Government Seizure of Koza Ipek

On Wednesday, police raided the offices of the critical İpek Media Group, cutting Kanaltürk's broadcast and attempting to silence news channel Bugün TV. Legal experts note that the right to information is protected by the Constitution, and that violating it can carry a five years prison.
On Wednesday, police raided the offices of the critical İpek Media Group, cutting Kanaltürk's broadcast and attempting to silence news channel Bugün TV. Legal experts note that the right to information is protected by the Constitution, and that violating it can carry a five years prison.


Date posted: October 29, 2015

Summary of Events

On Monday October 26, 2015, upon a request by the Ankara Chief Public Prosecutor’s Office, the Ankara 5th Criminal Peace Magistrate ordered that Koza Ipek Holding (with 22 companies) be put under receivership. Trustees from the pro-government Sabah-ATV media group were appointed to replace the current board of directors. After CNN Turk announced the receivership, the shares of Turkish mining firm Koza Altin slid more than 5 percent.

On Tuesday, the officials who arrived to enforce the order did not have a legal authorization to present and implement the decision. With armed police, the officials took a hold of the 22 companies of the Koza Ipek Holding, including two daily newspapers (Millet and Bugun) and two TV stations (Kanaltürk and Bugün TV). Protestors outside the facilities were tear-gassed, harassed (and arrested?) by the police.

On Wednesday morning, 40 civilian police stormed the offices of Ipek Media Group. The new trustees from ATV, along with police escorts, forcibly entered the building housing Bugün TV and Kanaltürk. The police and trustees, immediately upon entering the Kanaltürk broadcast room, cut the station’s live broadcast and aired a public service announcement. Despite efforts by the police to cut it, Kanaltürk and Bugün TV then launched a joint broadcast lasting more than 10 hours. The police then evacuated the floor of the building from where Kanaltürk broadcasts and the cables that transmit the live broadcast were unplugged. Bugün TV Editor-in-Chief Tarık Toros was escorted by police officers out of the broadcasting room. A hand-written notice from the new executive board of Bugün TV declared that Toros had been sacked. The broadcast was cut around 4:40 pm.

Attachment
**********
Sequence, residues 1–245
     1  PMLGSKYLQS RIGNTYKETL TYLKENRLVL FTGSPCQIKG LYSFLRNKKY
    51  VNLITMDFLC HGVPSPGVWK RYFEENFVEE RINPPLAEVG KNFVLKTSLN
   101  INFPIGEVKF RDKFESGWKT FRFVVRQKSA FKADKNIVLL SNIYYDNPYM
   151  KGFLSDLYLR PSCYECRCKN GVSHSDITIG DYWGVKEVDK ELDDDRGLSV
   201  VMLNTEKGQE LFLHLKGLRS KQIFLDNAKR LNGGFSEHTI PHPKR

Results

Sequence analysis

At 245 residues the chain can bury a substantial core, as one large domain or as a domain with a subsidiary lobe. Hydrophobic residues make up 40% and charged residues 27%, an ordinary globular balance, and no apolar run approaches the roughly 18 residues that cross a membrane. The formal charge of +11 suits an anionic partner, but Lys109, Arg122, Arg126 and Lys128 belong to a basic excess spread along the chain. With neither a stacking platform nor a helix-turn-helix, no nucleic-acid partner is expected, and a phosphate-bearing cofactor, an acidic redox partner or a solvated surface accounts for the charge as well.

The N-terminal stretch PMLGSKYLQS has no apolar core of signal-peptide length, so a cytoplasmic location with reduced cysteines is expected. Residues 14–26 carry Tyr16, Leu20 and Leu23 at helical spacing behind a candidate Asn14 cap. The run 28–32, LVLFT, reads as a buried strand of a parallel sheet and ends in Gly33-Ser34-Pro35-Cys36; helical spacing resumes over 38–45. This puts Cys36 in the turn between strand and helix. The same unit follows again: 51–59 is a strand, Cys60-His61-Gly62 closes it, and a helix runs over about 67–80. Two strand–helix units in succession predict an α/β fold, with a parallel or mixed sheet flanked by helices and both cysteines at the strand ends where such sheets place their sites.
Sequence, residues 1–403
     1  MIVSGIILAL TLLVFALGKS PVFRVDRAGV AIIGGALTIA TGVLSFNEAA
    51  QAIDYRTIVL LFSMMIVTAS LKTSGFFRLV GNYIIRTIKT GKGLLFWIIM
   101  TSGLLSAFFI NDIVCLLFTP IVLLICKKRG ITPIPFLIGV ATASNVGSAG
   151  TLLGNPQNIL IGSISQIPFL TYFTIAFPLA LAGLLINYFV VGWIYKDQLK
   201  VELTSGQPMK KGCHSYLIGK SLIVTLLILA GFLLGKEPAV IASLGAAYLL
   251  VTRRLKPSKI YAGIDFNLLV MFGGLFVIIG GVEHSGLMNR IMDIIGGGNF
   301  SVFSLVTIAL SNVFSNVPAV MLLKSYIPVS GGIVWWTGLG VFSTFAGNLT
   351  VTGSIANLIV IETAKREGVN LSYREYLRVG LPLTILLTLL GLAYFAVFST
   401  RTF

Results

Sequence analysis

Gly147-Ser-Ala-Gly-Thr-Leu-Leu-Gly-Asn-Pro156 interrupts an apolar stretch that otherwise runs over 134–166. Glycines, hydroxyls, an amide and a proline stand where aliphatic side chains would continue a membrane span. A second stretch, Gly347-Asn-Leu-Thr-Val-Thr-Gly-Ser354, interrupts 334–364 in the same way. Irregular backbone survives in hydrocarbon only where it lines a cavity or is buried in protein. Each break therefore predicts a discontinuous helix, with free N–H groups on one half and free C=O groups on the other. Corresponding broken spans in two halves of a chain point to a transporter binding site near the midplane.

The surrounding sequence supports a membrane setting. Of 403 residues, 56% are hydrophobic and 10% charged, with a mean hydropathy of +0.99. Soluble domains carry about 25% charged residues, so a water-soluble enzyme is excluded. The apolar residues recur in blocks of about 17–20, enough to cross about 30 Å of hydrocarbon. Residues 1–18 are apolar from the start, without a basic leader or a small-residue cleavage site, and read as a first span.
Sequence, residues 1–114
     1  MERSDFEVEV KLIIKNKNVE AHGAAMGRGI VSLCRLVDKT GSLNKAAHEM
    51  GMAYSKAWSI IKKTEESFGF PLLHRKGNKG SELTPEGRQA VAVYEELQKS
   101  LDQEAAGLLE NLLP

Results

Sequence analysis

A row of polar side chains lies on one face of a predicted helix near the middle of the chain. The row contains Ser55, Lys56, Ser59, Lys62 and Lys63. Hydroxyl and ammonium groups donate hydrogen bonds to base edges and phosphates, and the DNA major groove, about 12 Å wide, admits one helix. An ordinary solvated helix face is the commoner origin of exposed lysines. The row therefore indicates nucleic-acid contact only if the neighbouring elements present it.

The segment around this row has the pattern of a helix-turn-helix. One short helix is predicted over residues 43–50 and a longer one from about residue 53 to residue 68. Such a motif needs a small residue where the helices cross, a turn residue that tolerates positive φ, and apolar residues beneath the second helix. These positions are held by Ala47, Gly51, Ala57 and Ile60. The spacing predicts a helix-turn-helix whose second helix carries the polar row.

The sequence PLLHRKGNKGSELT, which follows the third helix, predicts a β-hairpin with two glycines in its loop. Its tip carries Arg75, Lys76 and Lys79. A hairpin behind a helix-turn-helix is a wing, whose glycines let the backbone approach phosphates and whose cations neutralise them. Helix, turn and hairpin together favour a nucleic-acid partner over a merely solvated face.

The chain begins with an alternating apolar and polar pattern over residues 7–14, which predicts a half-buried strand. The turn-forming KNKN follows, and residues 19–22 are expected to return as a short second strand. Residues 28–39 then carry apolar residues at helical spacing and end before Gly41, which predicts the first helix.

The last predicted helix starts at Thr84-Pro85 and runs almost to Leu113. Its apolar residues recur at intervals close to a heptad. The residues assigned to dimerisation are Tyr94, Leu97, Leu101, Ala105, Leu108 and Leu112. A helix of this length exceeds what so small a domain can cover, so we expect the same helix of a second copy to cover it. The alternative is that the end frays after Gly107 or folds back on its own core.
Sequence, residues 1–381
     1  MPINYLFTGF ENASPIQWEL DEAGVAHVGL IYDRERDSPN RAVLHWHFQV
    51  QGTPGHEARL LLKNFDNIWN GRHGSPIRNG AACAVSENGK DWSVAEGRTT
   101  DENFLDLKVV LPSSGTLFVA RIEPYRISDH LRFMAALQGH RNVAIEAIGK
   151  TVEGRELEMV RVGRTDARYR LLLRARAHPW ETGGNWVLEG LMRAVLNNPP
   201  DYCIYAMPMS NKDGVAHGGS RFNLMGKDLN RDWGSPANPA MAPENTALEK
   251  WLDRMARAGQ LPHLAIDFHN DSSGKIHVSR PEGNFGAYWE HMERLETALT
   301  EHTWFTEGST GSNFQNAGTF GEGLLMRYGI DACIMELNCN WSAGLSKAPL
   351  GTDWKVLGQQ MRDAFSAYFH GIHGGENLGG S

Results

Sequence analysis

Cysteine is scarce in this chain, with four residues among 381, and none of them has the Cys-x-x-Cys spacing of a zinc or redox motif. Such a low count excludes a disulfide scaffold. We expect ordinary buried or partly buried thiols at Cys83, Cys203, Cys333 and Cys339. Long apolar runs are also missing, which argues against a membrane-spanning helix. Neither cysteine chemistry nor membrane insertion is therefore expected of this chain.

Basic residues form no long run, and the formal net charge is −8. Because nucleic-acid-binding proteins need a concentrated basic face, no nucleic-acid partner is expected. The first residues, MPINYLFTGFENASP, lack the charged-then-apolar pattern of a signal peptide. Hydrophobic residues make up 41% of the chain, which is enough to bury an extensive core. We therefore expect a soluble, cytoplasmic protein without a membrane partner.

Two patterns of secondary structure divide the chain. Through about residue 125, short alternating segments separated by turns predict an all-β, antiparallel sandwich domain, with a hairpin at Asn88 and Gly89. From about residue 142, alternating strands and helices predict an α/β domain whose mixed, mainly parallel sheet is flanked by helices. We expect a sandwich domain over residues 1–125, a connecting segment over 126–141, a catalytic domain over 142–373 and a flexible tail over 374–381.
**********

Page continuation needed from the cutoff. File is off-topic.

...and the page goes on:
There was undue harassment of civilians, journalists, and politicians displaying support for the Koza-Ipek media group at its Istanbul headquarters. The Turkish Rapid Response Force fired tear gas and water cannon to disperse protesters outside the offices. Journalists were arrested and handcuffed from the back, with several of them being punched and kicked. Two reporters were hospitalized by the police, one with severe injuries to his internal organs and the other with a broken leg. According to footage broadcast live on TV, officers used chainsaws to smash through the gates of the media compound.

These media stations that have been a prominent platform for opposition politicians were forcefully taken off the air. Critics say this move aims to silence opposition ahead of polls and is a move to manipulate the elections. The forceful seizure of the Koza-Altin business group and its media branches hinders the dissemination of information and presents serious economic repercussions.

The publicly listed companies owned by Turkey’s Koza-Ipek Holding plunged on the Istanbul stock market. Gold miner Koza Altin Isletmeleri, energy explorer Ipek Dogal Enerji and miner Koza Anadolu Metal diminished 500 million liras ($170 million) in market value. An expert added, “Foreign ownership is above 85 percent in Koza Altin and this kind of news is probably among the worst for foreign investors as it hurts the visibility and predictability of investment cases.” Koza Altin plunged 12 percent to 17.40 liras, Ipek Enerji fell 9 percent to 1.94 liras. Koza Anadolu dropped 12 percent to 1.64 liras, making the three shares the worst performers on the Borsa Istanbul 100 Index.

An expert’s report on Koza Ipek Holding wrote,

“Considering the volatile economic conditions of countries like Turkey, for there to be no single instance of impropriety in corporate entities that deal with large sums of money does not suit the financial, technical or commercial realities on the ground…There isn’t such a thing as a perfect corporation, accounting system or financial structure in the world. Yet, based on information gathered by individuals and relevant institutions, the corporation in question appears perfect in its official documentation.”

Lastly, a government official asserted that this crackdown on media will expand after the elections. AK Party deputy Aydın Ünal, a former advisor and speechwriter for President Erdoğan, said during a televised interview on pro-government news channel A Haber, “We will most certainly make them answer for their actions after Nov. 1, when the AK Party comes to power by itself.” Ünal was referring to opposition Turkish dailies Hürriyet, Cumhuriyet, Sözcü and Zaman.

Known for representing Venezuelan terrorist Ilich Ramírez “Carlos the Jackal” Sánchez and the leader of the Islamic militant terrorist group İBDA-C Salih Mirzabeyoğlu, lawyer Hasan Ölçer was assigned as trustee to three of the 22 Koza İpek Holding companies.

Source: Alliance for Shared Values , October 28, 2015


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